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Pokemon Ranger: Guardian Signs review

Decent
AT A GLANCE
  • Exploring the Oblivia region
  • Leveling up your capture styler
  • Ukulele Pichu is adorable
  • Capture mechanic is boring and repetitive
  • Bland story
  • Not challenging

The Pokemon Ranger series appeals to a specific demographic: young kids. If you're old enough to appreciate the sophistication and depth of the main Pokemon games, Pokemon Ranger will probably bore you. Of course there are still some diehard fans who can't help but love anything and everything Pokemon-related, and if you've played the first two Ranger games you can rest assured that Guardian Signs doesn't mess with the formula.

Instead of playing as trainer who captures and battles Pokemon, you take the role of a Pokemon ranger, which is kind of like a park ranger. Your goal is to make sure that wild Pokemon can live peaceful lives undisturbed by evildoers. Armed with your capture styler, you travel around the Oblivia region befriending troubled Pokemon and thwarting the mischievous Pokemon Pinchers, a gang of humans bent on kidnapping all the Pokemon for their own terrible purposes.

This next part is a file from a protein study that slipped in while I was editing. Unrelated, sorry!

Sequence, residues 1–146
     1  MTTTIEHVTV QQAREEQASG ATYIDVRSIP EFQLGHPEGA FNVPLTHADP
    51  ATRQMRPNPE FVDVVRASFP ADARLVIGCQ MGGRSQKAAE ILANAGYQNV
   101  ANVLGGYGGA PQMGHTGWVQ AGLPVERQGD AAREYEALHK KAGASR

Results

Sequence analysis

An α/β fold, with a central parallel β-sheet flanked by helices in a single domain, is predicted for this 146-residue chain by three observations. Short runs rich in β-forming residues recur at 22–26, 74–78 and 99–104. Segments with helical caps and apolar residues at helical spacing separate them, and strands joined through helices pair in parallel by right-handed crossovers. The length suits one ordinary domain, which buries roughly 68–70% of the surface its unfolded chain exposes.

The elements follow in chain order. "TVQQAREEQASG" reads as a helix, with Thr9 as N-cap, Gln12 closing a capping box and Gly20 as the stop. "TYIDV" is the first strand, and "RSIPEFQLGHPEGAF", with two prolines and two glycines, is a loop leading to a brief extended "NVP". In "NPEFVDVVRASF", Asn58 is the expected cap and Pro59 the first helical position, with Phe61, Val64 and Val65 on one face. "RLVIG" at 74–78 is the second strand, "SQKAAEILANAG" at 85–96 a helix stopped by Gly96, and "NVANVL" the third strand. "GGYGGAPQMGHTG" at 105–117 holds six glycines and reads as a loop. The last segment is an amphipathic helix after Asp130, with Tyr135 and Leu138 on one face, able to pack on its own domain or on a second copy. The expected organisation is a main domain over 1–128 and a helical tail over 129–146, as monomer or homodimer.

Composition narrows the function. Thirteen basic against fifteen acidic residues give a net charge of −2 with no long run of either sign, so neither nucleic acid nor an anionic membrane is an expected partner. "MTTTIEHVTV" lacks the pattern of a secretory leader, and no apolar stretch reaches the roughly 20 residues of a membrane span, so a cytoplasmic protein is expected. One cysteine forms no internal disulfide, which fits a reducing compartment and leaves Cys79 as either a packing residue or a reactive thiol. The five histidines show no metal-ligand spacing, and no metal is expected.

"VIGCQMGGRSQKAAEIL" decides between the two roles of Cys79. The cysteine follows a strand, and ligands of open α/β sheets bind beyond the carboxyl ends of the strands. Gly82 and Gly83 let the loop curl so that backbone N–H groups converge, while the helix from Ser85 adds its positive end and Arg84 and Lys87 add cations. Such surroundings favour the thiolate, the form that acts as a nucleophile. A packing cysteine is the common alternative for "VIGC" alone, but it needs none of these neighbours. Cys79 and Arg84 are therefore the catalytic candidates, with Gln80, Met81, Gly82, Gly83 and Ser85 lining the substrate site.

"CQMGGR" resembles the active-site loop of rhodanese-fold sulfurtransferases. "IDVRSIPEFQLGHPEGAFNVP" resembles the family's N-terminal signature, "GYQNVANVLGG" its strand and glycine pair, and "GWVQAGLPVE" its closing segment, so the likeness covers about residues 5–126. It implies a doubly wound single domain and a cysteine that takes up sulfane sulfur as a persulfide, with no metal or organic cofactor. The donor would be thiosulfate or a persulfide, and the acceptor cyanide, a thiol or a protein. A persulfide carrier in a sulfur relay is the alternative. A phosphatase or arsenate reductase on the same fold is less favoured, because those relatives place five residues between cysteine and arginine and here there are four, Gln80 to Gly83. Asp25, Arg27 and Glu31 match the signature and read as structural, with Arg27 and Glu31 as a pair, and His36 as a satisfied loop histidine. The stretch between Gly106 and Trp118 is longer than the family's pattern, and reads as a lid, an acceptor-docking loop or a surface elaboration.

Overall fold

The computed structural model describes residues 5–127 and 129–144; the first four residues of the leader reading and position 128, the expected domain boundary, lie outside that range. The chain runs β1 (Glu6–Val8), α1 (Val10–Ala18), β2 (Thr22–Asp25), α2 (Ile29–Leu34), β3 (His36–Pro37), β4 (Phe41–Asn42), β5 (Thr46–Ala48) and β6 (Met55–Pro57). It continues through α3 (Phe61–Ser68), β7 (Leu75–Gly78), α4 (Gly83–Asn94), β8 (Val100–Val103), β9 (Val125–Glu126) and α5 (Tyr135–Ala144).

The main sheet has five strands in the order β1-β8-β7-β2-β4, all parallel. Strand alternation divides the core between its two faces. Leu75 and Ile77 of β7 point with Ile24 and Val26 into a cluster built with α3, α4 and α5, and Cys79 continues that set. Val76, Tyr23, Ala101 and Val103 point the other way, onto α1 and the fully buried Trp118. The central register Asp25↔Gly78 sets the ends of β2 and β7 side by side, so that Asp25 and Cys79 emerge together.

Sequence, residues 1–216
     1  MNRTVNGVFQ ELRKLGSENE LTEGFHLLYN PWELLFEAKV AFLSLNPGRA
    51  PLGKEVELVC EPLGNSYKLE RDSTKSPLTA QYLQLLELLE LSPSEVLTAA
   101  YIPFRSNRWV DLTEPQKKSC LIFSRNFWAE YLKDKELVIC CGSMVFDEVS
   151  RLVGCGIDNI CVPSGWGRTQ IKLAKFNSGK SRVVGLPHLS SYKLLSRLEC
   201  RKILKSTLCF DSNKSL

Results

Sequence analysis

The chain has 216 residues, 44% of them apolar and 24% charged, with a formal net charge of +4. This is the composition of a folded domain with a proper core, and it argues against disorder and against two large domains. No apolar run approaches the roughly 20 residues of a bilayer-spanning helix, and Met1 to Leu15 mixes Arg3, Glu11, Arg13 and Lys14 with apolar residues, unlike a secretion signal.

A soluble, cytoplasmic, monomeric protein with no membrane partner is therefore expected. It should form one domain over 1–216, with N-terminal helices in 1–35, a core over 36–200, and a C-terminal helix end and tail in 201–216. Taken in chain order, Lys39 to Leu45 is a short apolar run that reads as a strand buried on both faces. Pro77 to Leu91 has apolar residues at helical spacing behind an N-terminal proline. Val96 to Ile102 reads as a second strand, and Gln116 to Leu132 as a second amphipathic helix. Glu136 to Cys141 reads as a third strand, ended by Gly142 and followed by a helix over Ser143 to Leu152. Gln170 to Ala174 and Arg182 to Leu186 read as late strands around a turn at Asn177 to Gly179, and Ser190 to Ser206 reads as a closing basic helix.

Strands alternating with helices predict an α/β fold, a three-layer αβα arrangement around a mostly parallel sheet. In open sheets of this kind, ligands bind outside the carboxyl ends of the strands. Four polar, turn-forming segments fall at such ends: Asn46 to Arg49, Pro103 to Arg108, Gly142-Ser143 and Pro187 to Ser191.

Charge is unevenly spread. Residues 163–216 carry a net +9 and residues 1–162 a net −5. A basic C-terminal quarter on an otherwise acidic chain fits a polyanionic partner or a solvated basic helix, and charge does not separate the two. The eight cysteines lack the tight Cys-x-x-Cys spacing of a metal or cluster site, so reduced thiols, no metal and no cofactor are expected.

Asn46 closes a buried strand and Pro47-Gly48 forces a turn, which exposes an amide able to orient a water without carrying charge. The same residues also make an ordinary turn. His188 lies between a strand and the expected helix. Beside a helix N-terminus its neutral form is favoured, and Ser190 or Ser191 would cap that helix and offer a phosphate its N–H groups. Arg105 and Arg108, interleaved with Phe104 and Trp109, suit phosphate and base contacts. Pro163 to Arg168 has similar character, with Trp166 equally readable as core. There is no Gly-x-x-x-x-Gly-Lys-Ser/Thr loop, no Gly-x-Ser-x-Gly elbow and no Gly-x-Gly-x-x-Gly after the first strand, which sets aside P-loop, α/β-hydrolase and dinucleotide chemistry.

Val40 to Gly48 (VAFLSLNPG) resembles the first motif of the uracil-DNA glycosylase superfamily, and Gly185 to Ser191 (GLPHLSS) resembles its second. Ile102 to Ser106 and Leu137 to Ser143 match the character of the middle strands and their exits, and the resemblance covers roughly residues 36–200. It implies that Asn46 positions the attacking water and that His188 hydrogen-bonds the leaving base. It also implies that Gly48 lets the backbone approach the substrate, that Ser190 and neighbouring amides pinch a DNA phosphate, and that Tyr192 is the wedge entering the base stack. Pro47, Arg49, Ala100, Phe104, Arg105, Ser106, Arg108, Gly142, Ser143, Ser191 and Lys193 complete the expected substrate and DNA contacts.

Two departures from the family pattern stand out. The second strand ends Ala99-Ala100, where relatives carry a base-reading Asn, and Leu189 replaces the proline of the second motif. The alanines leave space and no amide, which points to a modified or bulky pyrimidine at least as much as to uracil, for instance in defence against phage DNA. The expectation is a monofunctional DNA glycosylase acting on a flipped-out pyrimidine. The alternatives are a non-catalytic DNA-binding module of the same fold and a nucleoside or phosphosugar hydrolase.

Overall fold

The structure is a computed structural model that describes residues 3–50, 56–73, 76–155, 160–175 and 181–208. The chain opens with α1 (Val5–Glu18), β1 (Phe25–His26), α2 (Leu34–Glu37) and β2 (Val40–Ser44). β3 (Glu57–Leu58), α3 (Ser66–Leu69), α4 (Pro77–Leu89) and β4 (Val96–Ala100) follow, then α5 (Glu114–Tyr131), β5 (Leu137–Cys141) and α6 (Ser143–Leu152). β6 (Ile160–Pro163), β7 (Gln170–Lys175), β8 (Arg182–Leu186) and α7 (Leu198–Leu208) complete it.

As you meet Pokemon along the way, you can befriend them by entering capture mode and using the DS stylus to draw circles around the Pokemon as fast as you can. If the Pokemon's attacks hit your circles while the stylus is touching the screen, your capture styler sustains damage, so you have to watch the screen and pause to dodge attacks accordingly. Once you've drawn the requisite number of circles, the Pokemon will become your friend, and you can choose to have it accompany you on your journey (up to eight Pokemon can accompany you at any given time). It's a mechanic that's fun the first few times but gets old quickly, because there's no real strategy involved and it feels repetitive and mindless. Unless you're five years old, you're probably going to get sick of scribbling circles over and over. And over.

Once a Pokemon is your friend, it can assist you in two ways. You can summon it during capture mode to help you befriend additional Pokemon (type strengths and weaknesses come in to play here – Water-type Pokemon are good at befriending Fire-type Pokemon and so on), or you can use its field move to overcome obstacles and help you progress in the story. Ukulele Pichu is the one Pokemon who stays with you throughout your quest, and he has a powerful ukulele-playing move you can use to capture wild Pokemon quickly. He's undeniably adorable, but the problem is that his move is so powerful that it almost makes the other Pokemon's capture moves obsolete.